Pathogenesis, clinical features, and diagnosis


Rosacea is a common skin disorder that typically occurs in adults. Rarely, rosacea occurs in children.


 The pathogenesis of rosacea is poorly understood. Factors such as abnormalities in the innate immune system, inflammatory reactions to cutaneous microorganisms, ultraviolet radiation exposure, vascular hyperreactivity, and genetics have been identified as potential contributing factors.

Clinical features

Persistent centrofacial redness, phymatous skin changes, papules, pustules, flushing, telangiectasia, burning or stinging sensations, cutaneous edema, and dryness are potential cutaneous manifestations of rosacea. Ocular abnormalities may also occur. 


In most patients, clinical assessment is sufficient for diagnosing rosacea and excluding other disorders that may resemble rosacea . Skin biopsies are rarely indicated but can be useful in cases in which another disorder with specific histopathologic findings is suspected or for supporting a diagnosis of granulomatous rosacea. 

The appearance of centrofacial erythema and telangiectasias may be subtle in patients with highly pigmented skin. Careful attention to other features of rosacea and techniques such as dermoscopy and diascopy may aid with diagnosis of rosacea in patients with highly pigmented skin.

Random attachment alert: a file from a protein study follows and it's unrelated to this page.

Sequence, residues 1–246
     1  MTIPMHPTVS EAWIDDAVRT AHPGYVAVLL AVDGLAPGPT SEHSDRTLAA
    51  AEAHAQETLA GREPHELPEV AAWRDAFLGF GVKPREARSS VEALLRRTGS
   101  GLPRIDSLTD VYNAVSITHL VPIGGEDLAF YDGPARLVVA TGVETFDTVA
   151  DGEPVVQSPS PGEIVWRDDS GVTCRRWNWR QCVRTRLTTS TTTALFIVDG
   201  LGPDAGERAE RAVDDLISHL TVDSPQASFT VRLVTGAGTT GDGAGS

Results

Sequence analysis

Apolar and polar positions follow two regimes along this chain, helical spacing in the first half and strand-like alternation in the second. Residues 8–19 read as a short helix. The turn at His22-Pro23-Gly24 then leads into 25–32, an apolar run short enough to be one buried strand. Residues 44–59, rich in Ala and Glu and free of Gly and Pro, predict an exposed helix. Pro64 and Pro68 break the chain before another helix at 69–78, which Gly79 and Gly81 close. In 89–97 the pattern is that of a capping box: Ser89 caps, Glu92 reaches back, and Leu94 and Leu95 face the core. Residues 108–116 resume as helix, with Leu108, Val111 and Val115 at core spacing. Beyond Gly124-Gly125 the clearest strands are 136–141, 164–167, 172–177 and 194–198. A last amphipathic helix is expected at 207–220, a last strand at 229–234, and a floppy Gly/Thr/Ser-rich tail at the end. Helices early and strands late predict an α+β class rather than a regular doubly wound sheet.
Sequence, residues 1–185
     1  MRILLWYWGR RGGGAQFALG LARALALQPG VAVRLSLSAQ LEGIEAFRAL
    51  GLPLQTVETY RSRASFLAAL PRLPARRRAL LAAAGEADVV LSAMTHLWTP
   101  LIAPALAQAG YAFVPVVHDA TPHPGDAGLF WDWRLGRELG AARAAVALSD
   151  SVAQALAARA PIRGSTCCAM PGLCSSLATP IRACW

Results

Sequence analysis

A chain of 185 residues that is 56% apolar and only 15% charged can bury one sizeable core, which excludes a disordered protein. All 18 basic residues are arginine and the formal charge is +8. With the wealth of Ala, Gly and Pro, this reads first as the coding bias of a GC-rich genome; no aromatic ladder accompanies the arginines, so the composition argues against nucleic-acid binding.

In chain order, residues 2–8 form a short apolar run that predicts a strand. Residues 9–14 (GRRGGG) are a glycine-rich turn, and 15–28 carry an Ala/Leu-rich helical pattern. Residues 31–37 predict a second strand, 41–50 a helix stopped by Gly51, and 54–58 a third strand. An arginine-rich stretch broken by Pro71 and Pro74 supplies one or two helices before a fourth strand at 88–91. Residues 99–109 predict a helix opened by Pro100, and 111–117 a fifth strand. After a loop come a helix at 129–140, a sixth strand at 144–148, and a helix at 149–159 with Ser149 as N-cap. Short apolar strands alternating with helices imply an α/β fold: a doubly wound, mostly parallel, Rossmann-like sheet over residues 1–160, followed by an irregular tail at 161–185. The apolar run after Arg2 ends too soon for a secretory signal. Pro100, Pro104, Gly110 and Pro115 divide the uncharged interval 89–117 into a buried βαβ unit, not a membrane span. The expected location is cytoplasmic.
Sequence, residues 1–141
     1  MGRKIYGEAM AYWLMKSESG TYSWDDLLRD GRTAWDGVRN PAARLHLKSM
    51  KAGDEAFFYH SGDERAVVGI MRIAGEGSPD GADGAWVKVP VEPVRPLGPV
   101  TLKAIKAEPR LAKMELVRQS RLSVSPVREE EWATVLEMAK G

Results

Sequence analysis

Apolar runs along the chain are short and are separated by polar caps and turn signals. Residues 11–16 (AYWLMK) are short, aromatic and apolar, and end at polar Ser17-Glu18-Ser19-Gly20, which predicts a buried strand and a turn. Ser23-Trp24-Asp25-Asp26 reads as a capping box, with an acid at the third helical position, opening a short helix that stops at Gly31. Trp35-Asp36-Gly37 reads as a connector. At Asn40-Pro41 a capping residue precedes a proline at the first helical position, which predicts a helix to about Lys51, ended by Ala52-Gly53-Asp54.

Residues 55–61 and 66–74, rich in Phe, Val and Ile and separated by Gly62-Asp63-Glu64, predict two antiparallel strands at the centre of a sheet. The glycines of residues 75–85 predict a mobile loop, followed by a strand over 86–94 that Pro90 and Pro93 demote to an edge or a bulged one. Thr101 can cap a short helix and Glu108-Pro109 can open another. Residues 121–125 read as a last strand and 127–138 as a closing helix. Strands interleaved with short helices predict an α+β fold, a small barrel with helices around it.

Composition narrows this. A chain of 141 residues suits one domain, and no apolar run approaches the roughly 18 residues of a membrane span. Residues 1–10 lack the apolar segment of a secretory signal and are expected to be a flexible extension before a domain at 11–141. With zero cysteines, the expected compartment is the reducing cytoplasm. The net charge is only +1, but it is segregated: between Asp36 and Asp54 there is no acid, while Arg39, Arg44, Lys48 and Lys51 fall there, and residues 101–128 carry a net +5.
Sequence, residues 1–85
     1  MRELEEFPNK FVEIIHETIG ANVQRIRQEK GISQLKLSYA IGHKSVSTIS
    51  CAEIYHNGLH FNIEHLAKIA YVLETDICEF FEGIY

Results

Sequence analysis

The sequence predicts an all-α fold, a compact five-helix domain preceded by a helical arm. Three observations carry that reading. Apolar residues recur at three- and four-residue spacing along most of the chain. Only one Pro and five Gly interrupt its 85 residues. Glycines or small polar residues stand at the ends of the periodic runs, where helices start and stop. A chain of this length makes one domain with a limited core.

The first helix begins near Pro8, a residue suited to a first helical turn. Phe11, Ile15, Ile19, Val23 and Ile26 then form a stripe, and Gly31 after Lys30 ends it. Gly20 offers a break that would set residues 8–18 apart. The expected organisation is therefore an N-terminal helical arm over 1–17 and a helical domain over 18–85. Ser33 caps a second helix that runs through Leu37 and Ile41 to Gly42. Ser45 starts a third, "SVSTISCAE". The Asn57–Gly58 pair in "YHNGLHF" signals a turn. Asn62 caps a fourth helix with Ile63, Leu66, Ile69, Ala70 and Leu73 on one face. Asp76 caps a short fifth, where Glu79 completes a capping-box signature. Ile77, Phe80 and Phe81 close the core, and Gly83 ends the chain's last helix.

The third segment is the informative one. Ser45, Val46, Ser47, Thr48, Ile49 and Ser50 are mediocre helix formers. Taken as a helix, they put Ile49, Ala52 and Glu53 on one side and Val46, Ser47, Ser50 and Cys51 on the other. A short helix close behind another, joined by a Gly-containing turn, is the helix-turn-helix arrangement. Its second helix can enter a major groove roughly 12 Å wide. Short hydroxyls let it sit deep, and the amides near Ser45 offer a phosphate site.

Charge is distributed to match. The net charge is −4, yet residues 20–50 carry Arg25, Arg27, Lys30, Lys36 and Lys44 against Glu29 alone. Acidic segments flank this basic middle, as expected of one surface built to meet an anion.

Ocular involvement

Ocular involvement may present independently or in association with cutaneous manifestations of rosacea. Patients may exhibit features such as lid margin telangiectases, conjunctival injection, and ocular irritation. Patients with signs or symptoms of ocular rosacea should be referred to an ophthalmologist for further evaluation.

(بازدید 3 بار, بازدیدهای امروز 1 )

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